You'd think he was posing for the picture

I dare you to use that water-logged walkway

At least now I know that I have the mental capacity even when panicked to pick up at least some stuff that might help me survive if the situation should arise. 

Zombie Apocalypse?  Come at me bro!

I hope you’re all surviving your own spring weather!

Much Love,

Annie Jay

Wednesday, June 5, 2013

Navigating The Friend Zone

I spend my time in the company of many men.

Oh Jesus…that is not supposed to sound nearly so “I rent hotel rooms by the hour”. 

We’re off to a good start here.  *ahem*


Dudes - I hang out with a lot of them.  I like to play video games; talk about sci-fi and politics; and have a dark sense of humor - these are all things that I find more commonly in men than I do in women (please forgive me for making gender-biased generalizations).  

Plus, men are just nicer to look at ;-)

This is always how my life has been and it’s been pretty damn good for the most part.  But the problem with this is that at all times, there's almost always someone stuck in… drum roll please…

The Friend Zone

Those of you who have lived in some mythical fairyland where the people you lust after lust after you equally - or who have been happily married since you were five-years-old - might not really understand the consequences of being in The Friend Zone.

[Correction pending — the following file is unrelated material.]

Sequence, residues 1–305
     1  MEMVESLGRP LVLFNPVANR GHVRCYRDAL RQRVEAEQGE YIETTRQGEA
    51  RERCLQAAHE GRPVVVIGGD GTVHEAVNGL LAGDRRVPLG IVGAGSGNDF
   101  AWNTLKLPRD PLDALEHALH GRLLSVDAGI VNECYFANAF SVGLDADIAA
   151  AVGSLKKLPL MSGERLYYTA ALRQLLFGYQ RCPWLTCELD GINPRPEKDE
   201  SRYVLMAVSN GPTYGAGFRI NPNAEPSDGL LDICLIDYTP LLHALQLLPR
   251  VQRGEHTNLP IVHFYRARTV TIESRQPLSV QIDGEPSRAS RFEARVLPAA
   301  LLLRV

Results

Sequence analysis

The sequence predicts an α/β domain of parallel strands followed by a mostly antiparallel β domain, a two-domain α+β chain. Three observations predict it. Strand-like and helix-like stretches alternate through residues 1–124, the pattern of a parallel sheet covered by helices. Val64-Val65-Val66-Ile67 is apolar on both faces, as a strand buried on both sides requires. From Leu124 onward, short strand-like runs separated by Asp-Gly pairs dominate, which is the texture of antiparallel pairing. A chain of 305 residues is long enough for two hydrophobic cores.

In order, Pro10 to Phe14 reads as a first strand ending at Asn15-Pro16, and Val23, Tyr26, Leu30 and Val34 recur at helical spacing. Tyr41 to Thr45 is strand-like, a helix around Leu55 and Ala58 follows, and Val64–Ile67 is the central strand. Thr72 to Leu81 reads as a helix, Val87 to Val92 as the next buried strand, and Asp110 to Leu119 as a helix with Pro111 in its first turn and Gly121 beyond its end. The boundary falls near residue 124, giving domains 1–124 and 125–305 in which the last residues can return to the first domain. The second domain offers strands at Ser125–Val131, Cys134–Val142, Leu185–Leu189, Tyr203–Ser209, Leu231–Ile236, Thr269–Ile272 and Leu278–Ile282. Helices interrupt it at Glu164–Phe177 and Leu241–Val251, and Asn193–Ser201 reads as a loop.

The Friend Zone is that dreadful limbo where you are stranded after meeting the man/woman of your dreams.  You begin to fantasize about a life together - a life filled with shared XboxLive accounts; couples' vacations to Comi-Con; and finally living that Han Solo/Princess Leia fantasy.

But then reality sinks in and instead of falling passionately in love, you fall madly into a brotherly friendship where high fives are the closest you’re going to get to bumpin and grindin.

We’ve all been there.  Every single one of us has at one point or another been in The Friend Zone.  I think I can also say with confidence that we have all, at some time in our lives put someone in The Friend Zone. 

None of us enjoy being there but we all tolerate it. Why?